Banks face a wide range of emerging risks. Take, for example, the risk that a breakthrough in quantum computing could suddenly pose to banks’ ability to encrypt financial transactions or customer information. Or the risk that artificial intelligence could have on banks’ cybersecurity. Or the risk that continuing federal deficits could lead to higher interest rates or even downgrades of U.S. debt.
So, if we replaced every reference in the guidance to “climate risk” or “climate-related financial risk” with a more encompassing term like “emerging risk,” I could perhaps vote for it. We could even define “emerging risk” to include “climate-related financial risk” such that the guidance would have the same legal effect, and I could still be open to supporting it.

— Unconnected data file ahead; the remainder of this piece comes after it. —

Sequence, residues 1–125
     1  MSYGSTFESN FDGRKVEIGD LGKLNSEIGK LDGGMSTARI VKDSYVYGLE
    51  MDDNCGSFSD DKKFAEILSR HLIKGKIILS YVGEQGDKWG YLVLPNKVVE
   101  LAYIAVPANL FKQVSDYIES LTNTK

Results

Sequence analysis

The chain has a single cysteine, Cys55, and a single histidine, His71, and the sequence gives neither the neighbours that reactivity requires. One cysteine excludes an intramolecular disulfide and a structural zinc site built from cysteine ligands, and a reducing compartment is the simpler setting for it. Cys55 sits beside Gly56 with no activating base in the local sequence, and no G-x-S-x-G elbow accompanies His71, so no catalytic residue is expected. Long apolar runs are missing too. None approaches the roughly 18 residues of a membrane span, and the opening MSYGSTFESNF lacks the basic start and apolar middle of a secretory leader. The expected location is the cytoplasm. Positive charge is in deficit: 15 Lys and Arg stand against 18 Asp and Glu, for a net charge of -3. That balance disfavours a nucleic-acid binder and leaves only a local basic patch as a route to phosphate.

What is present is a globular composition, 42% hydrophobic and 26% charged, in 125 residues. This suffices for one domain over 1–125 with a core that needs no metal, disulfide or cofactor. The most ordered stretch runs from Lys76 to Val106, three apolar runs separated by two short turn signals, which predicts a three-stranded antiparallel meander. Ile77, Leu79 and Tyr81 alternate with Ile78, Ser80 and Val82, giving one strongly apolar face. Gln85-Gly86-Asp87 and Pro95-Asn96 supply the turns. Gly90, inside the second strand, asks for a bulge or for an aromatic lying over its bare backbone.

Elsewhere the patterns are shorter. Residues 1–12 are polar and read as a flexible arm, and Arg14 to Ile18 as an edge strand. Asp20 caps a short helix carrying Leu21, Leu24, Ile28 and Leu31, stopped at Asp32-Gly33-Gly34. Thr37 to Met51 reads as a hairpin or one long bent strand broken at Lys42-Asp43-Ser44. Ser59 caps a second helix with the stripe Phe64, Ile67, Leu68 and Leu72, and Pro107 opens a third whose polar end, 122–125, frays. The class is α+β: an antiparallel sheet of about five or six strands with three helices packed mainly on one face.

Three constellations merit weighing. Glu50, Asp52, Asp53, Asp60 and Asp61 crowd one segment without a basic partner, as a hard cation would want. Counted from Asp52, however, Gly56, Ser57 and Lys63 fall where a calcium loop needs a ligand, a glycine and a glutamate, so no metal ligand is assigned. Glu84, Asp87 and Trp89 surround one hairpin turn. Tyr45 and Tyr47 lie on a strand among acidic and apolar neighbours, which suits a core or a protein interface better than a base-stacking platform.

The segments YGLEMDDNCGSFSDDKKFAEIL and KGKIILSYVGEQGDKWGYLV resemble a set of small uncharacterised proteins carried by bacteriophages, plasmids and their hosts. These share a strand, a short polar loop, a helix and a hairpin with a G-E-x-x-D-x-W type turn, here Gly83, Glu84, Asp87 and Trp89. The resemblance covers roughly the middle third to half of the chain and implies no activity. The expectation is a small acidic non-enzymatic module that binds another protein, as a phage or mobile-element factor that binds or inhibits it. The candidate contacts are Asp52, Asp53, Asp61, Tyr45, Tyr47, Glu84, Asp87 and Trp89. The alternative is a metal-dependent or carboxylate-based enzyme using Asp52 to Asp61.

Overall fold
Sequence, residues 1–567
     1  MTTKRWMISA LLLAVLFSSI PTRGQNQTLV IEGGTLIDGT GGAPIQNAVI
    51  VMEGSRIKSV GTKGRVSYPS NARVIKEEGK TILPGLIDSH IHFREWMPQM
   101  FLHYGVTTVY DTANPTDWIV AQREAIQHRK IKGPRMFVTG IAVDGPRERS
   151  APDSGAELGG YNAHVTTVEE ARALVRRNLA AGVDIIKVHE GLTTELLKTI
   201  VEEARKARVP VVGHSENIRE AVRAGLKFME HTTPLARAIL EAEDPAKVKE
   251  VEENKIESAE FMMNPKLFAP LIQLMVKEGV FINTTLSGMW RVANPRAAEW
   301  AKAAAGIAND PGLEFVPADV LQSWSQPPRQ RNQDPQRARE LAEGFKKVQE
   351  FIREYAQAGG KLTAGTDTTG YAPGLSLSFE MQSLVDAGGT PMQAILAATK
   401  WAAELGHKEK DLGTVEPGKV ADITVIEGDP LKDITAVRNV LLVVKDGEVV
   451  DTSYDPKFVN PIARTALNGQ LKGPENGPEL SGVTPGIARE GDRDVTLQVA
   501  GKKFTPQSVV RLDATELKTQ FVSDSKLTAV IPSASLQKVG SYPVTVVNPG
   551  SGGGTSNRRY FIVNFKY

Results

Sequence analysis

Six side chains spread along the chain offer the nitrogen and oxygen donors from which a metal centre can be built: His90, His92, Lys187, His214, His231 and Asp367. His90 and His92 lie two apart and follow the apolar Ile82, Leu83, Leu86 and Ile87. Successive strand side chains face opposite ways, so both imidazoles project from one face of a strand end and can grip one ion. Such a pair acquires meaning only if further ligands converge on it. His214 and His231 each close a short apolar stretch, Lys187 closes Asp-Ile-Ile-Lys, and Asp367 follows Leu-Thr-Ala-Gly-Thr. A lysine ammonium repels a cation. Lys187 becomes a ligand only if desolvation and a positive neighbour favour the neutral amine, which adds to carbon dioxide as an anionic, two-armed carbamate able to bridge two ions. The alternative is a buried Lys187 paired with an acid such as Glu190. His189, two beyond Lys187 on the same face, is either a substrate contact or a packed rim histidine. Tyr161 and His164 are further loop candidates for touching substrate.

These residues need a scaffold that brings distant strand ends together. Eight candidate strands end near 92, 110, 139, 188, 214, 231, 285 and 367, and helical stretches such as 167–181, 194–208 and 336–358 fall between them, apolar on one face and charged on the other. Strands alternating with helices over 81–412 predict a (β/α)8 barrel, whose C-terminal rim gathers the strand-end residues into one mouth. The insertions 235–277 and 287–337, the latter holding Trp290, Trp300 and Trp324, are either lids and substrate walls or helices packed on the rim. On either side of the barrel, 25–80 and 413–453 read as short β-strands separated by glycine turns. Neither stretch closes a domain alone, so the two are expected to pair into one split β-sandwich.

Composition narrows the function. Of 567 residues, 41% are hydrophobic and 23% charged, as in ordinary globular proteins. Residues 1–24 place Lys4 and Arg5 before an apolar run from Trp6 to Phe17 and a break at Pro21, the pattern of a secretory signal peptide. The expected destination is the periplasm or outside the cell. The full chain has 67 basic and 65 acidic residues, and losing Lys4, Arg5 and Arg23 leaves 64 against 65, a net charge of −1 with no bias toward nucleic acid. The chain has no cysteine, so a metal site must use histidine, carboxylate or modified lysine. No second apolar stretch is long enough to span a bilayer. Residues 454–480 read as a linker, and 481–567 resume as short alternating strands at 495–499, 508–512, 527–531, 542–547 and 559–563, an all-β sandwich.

But this guidance’s singular focus on just this one possible emerging risk among many exposes the real intent and effect. This guidance positions the U.S. bank regulators to follow the lead of their European counterparts in pushing banks to facilitate a transition to a lower carbon economy. This is all about getting bank regulators involved in the pricing and allocation of capital.
Policy decisions like this should be left to our elected leaders. Our involvement will just further politicize the bank regulators and distract us from our safety and soundness mandate.